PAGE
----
The grooming stations are just like the stations you see at Petco except these dogs are so immune to it, they enjoy the poking and prodding. The benching stations can become crowded but each aisle is clearly marked overhead like a supermarket aisle. Each breed is kept together. Most of the cubbies are packed with crates, treats, fans and goodies for the pooches. Some dogs had blankets to cover them from view which was a little disappointing. Others had full glossy photo displays of the various awards or lineage.

What was surprising was the amount of food clearly out and available to most pooches. Unlike supermodels, these pooches eat and so do their handlers. A few steps away from the Dachshund benching area, a MSG kiosk was selling hot dogs. Somehow, this just didn’t seem right to me.

Overall, everyone from the attendees to the owners, handlers and breeders were friendly and nice. Lrudlrick does point out that although the Westminster Dog Show is technically a men’s club, the fans and participants are mainly women, middle aged women of society.

The amount of old money bling this one elderly woman wore was so fascinating, I couldn’t help but stare at her as she held a conversation with her handler. It made me feel a little shabby un-chic in my Gap turtle neck and snow boots. Still, if you go, dress for comfort. You will be mingling a lot in a crowded, warm environment.

We returned later in the evening for Best in Group and Show a little shabbier chic, even though we were nearly seated by the Owners box. To give you an idea of how high we were, if you watched the show on USA, the camera they used for the overhead shot was one chair away from me. Lrudlrick kept praying it would hit us.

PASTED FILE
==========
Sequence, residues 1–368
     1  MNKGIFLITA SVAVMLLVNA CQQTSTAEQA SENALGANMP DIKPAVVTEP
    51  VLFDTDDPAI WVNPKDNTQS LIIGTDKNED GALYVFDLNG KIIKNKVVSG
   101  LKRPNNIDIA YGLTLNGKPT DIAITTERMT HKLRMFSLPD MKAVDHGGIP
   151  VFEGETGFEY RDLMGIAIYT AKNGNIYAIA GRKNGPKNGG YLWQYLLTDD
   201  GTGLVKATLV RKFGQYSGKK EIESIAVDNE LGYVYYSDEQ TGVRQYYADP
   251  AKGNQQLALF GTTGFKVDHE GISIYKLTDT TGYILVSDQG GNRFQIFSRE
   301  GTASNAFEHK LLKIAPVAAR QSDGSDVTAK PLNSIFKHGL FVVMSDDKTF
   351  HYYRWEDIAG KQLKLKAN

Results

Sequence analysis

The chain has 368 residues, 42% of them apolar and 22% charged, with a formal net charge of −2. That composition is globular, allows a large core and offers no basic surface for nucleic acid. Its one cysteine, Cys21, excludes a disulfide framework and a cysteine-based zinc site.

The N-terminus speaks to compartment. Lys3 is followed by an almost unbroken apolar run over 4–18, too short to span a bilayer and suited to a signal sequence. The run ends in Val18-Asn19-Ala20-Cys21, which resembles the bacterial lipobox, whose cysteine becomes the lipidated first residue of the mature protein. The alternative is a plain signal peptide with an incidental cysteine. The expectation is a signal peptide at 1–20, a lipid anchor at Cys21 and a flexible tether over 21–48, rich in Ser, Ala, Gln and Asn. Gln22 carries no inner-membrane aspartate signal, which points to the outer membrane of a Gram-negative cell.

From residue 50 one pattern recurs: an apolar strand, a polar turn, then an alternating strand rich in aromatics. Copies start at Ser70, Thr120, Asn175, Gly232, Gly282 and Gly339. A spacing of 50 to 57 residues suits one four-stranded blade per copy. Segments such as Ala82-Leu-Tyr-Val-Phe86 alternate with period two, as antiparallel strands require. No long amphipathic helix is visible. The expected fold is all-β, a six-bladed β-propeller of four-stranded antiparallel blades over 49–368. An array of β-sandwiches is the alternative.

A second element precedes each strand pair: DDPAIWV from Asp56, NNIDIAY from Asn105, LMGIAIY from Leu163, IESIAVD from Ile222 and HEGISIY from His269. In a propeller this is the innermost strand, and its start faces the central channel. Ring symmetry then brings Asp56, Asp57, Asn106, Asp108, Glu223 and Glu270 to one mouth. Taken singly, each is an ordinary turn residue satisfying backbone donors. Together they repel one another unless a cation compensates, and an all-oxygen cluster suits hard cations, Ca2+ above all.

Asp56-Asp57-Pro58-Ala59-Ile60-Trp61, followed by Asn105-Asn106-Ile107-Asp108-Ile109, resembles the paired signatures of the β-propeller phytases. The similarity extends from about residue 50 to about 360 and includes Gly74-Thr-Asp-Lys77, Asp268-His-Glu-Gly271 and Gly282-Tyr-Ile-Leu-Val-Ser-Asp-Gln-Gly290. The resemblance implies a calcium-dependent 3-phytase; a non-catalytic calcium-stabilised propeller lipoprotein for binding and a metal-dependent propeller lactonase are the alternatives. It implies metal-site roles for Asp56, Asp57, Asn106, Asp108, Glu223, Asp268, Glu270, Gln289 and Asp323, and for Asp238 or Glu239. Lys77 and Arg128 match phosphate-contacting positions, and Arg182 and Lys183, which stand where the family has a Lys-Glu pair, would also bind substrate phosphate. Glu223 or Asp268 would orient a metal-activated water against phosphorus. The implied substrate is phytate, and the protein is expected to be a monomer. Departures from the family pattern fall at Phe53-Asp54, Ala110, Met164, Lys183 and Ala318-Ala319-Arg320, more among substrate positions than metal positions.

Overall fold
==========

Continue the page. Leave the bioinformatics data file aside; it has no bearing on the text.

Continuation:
If you go to Best in Show and you purchase the General Admission seats, bring your binoculars. We couldn’t get a nice shot from where we sat so check out the AP photos or check out However, I will share with you two of our photos.

This is the Weimarner (second from the right) that I picked to be Best of Breed. Lrudlrick kept screaming for ‘his busy bee’.

This is Rufus, the Best in Show and my favorite in personality amongst the finalists. I’m not a bull terrier fan but his personality was the best by far.

By attending the Westminster Dog Show, I learned the judging is all subjective and of the moment. A pooch just like a Broadway actor has his good nights and bad nights. Lrudlrick and I loved Shaka, the Rottweiler, the first night of competition but on the second night he seemed a bit distracted.

In addition, I learned that there are some real dirty jobs a handler must do. Mike Rowe should spend a day with them. Apparently, pocketing kibble in your mouth during the showing of the dog is common practice amongst seasoned professionals. I don’t know about you but I can’t pocket liver in my mouth for myself let alone for a dog. Also, dogs that don’t expel prior to show are ‘coerced’ by means that will only be described here as intrusive.

If you thought hockey fans were rowdy, you should check out Dog show fans. The screams and hollering during the show are incredible. I was surprised the wave or an air horn wasn’t blasted during the game. One group of Golden Retriever fans was so exuberant, I was waiting for them to take their tops off and display painted bellies spelling ‘Goldie’.

I definitely suggest you check it out next year. Wear comfortable clothes. Pack drinks and munchies in your backpack. Bring your binoculars and zoom lens camera. See how well you fair with the judges opinions.